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#197848 12/23/10 03:21 PM
Joined: Oct 2002
Posts: 830
When installing an outside outlet or light, I'm use to outlining the box to be cut in and using a roto hammer or hammer drill and chiesel to cut out the hole. I had a helper recently mentioned an air tool that might make this job a whole lot easier and neater. Anyone have any suggestions as to what he might be talking about or some other tool that might make it easier? Thanks for the input.... Steve
By the way, I'm talking about brick here. I forgot to mention that:)

Last edited by sparkync; 12/23/10 03:22 PM.
Joined: Jul 2004
Posts: 9,677
Likes: 9
He may be talking about an air chisel. They do work but you need a lot of air.

Greg Fretwell
Joined: Jun 2004
Posts: 1,273
Fein Multimaster is state of the art for straight cuts.

For circular cuts there are some tungsten carbide hole saws specifically designed for rough cutting exterior walls. These are NOT the ones used to knock-out sheet metal. They have a gritty, ultra rough, abrasive style edge. It permits attack on stucco and brick.

Normally pitched to plumbers, IIRC they are imported from Denmark. I just can't remember the band name.

Skip the air powered tools. Just too much trouble to set up for field work. They suck down energy -- meaning that you need 25Amps at 240V to keep up with your tempo. Most of that energy is lost in compression and expansion.

Tesla #197854 12/23/10 09:51 PM
Joined: Jul 2004
Posts: 9,677
Likes: 9
When I was cutting into block and concrete I used a side grinder with a diamond wheel to outline the cut and the air chisel to break out the meat but like Tesla says, you need a lot of power. I only have a 1HP compressor with a big tank but I had to chip a while, stop and let the tank fill up and chip some more. If you just had those little sausage tanks on a pancake compressor you would be there a while.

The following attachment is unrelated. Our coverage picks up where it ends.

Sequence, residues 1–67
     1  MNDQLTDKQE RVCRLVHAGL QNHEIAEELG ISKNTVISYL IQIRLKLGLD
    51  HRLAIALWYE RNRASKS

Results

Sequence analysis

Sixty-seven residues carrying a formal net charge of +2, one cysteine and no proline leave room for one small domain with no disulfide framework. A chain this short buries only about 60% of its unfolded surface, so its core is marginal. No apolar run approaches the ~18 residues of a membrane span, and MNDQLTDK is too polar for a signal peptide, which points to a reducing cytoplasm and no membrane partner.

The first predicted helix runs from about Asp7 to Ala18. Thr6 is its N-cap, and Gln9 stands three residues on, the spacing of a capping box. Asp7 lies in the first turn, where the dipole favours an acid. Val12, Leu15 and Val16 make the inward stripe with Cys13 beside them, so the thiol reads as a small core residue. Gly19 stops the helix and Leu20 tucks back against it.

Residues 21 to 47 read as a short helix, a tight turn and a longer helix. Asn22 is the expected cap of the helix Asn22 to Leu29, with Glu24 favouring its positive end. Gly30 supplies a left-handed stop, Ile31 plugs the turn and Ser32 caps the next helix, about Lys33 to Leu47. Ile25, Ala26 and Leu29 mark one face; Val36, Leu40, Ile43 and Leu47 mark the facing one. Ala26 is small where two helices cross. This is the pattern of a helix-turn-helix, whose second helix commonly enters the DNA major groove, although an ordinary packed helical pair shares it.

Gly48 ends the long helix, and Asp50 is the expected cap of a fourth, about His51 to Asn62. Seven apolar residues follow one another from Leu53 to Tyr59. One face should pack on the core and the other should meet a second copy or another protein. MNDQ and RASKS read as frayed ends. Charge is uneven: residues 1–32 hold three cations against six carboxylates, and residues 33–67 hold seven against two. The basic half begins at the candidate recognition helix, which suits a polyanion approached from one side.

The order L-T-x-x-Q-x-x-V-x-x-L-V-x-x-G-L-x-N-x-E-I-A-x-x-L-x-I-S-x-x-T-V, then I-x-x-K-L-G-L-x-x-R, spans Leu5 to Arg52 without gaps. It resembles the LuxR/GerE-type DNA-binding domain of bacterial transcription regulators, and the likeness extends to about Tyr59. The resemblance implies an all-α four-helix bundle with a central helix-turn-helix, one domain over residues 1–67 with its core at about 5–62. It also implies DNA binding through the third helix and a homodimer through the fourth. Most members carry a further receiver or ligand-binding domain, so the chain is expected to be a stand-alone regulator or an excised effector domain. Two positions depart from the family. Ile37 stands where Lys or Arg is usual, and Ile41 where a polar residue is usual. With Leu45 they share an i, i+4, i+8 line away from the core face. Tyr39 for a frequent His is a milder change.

Greg Fretwell
Joined: Nov 2007
Posts: 763
I have a smaller Bosch 11224VSR SDS rotary hammer that works pretty good for that kind of stuff. It can drill the outline and inner holes for the box location quickly and has enough chipping power with a 3/4" or 1-1/2" chisel to make fairly clean cuts.
If I use anything larger, like an 1-1/2" hammer, I'm asking for trouble, like cracking the mortar joint and popping the whole brick loose.
Although, I have been thinking of trying my big hammer with a heavy-wall core bit to make a hole for a round fixture box at some point.

I also use a 4" angle grinder with the dry-cut blade as mentioned. It does work great cutting brick, but it's kind of hard to use for something like a one-gang box without over cutting the corners.
I've got one of those Rockwell Sonicrafter multi-cutters, but I have never tried to cut brick with it before.

KJay #197866 12/24/10 03:06 PM
Joined: Jul 2004
Posts: 9,677
Likes: 9
On the one gang you drill the corners and connect the dots with the angle grinder to get a clean edge. You are still chipping out most of the meat. A 2" - 2 1/4" hole saw would help you there. I do find the air chisel gives you pretty good control without really banging the wall that hard.

Greg Fretwell
Joined: Jan 2005
Posts: 316
I used to use the old 1/4" masonary bit trick. (drill a ton of little holes). Then I went to the grinder with a diamond wheel. Before putting up the tools (for a pen and code book) I was using the grinder and a small chisel bit that fit in my SDS drill.

Joined: Aug 2001
Posts: 329
SDS drill, small (3/16) bit, a lot of little holes then a 1" chisel bit in the SDS. Piece of cake and very, very few screw ups.

Joined: Oct 2000
Posts: 5,389
that's pretty much the way i do it too

just that, in my case 'little rotational tool up on ladder' seemed a tad safer than 'big rotational tool up on ladder'

A conclusion i came to after i found that i don't bounce as well as i used to....


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